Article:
Contributed by Richard Parilla
In 1928 a discovery made by Scottish scientist Alexander Fleming would change modern medicine. Fleming observed that the fungus Penicillium was able to kill disease causing pathogens. This discovery won Fleming a Nobel Prize in 1945 and led to development of antibiotics. The effectiveness of these drugs, once referred to as “miracle drugs”, led them to become used very regularly to treat a variety of illnesses. However, these lifesaving antibiotics have become far less effective due to the increasingly more common bacterial strains that are antibiotic resistant.
Antibiotics function by either directly killing bacteria themselves or by inhibiting their growth and reproduction. So how does bacterial strains resistance to certain antibiotics come about? Well an easy way to think about this is in evolutionary terms. The use of antibiotics selects for bacterial strains that are resistant to the mechanism by which the antibiotic targets the pathogen. Since all the non-resistant bacteria are wiped out by the antibiotic, only the resistant bacteria can reproduce and spread. This is an interesting perspective since it shows that humans can have an impact on the evolution of a species through implementation of novel selective pressures such as antibiotics.
Over the past decade antibiotic resistance has become a very threatening problem to society. It is has been a topic which has continually made headlines over the past few years. Why has the threat of antibiotic resistant microbes risen? The World Health Organization points to the misuse of antibiotics and over prescription as the cause of the accelerated emergence of the resistant bacteria strains. Due to the nature of this problem it would seem that it will be a frequent topic of discussion in the near future.
For Further Further Reading:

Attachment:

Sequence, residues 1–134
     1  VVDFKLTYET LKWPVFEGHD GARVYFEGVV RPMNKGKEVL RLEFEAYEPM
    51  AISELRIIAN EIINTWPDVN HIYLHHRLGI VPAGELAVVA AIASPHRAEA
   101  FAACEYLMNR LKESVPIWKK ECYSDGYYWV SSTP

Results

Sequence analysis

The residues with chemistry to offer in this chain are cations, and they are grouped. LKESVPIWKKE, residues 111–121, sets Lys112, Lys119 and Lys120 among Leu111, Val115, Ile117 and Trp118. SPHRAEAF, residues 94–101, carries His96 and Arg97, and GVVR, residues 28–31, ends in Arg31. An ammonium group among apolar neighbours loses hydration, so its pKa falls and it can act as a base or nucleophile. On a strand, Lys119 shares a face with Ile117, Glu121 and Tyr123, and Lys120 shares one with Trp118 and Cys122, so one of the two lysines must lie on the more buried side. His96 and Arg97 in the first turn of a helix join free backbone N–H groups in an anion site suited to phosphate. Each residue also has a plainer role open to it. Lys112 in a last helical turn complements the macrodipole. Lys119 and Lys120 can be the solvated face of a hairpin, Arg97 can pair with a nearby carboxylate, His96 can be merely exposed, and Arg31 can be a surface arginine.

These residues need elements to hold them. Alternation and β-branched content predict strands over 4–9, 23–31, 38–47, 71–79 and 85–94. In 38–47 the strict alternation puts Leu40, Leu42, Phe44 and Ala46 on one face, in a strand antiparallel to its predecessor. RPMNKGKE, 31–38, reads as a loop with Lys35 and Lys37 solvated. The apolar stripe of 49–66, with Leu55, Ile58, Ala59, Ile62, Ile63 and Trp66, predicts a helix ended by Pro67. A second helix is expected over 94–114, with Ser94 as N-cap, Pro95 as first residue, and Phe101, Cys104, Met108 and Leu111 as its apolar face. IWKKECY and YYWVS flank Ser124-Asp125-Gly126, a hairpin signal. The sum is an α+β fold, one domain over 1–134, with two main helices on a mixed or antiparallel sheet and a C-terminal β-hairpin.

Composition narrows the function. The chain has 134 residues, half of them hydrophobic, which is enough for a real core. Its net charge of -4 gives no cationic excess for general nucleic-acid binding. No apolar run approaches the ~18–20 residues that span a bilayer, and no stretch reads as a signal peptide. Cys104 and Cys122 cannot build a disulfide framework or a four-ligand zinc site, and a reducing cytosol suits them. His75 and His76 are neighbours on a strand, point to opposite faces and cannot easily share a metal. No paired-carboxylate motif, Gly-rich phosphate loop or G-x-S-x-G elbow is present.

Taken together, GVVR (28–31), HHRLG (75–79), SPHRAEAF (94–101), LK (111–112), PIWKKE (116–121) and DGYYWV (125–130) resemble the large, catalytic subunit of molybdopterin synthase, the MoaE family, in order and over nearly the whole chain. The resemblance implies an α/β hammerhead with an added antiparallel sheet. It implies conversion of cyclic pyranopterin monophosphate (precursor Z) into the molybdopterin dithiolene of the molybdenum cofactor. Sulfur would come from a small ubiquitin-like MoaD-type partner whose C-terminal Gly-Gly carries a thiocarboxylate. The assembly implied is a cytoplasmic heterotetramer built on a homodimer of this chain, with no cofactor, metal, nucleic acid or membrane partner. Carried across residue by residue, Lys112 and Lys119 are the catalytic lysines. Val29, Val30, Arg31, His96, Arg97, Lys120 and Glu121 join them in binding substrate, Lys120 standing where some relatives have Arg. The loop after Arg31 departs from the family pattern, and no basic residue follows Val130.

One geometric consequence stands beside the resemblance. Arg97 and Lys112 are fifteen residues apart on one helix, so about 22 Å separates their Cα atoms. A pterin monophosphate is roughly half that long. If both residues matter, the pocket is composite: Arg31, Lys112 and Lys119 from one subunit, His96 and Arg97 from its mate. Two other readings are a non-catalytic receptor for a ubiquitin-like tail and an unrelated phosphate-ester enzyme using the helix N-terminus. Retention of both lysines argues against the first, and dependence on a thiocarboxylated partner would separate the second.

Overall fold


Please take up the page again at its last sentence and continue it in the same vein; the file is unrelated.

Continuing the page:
“Antimicrobial Resistance.” WHO. N.p., May 2013. Web. 20 Apr. 2014.
Austin, D. J. “The Relationship between the Volume of Antimicrobial Consumption in Human Communities and the Frequency of Resistance.” Proceedings of the National Academy of Sciences 96.3 (1999): 1152-156. Print.
Bonhoeffer, S. “Evaluating Treatment Protocols to Prevent Antibiotic Resistance.” Proceedings of the National Academy of Sciences 94.22 (1997): 12106-2111. Print.
Centers for Disease Control and Prevention. Centers for Disease Control and Prevention, 16 Sept. 2013. Web. 20 Apr. 2014.
“General Background: About Antibiotic Resistance.” Tufts University. N.p., n.d. Web. 20 Apr. 2014.
Hampton, L. M., M. M. Farley, W. Schaffner, A. Thomas, A. Reingold, L. H. Harrison, R. Lynfield, N. M. Bennett, S. Petit, K. Gershman, J. Baumbach, B. Beall, J. Jorgensen, A. Glennen, E. R. Zell, and M. Moore. “Prevention of Antibiotic-Nonsusceptible Streptococcus Pneumoniae With Conjugate Vaccines.”Journal of Infectious Diseases 205.3 (2012): 401-11. Print.
Levy, Stuart B. “The Challenge of Antibiotic Resistance.” Diss. Texas U, 1998. Web.
Lupo, Agnese, Sébastien Coyne, and Thomas Ulrich Berendonk. “Origin and Evolution of Antibiotic Resistance: The Common Mechanisms of Emergence and Spread in Water Bodies.” Frontiers in Microbiology 3 (2012): n. pag. Print.
Stöppler, Melissa C., M.D. “Antibiotics 101 – MedicineNet.com.” MedicineNet. N.p., 3 Sept. 2012. Web. 20 Apr. 2014.
Woodford, Neil, Jane F. Turton, and David M. Livermore. “Multiresistant Gram-negative Bacteria: The Role of High-risk Clones in the Dissemination of Antibiotic Resistance.” FEMS Microbiology Reviews 35.5 (2011): 736-55. Print.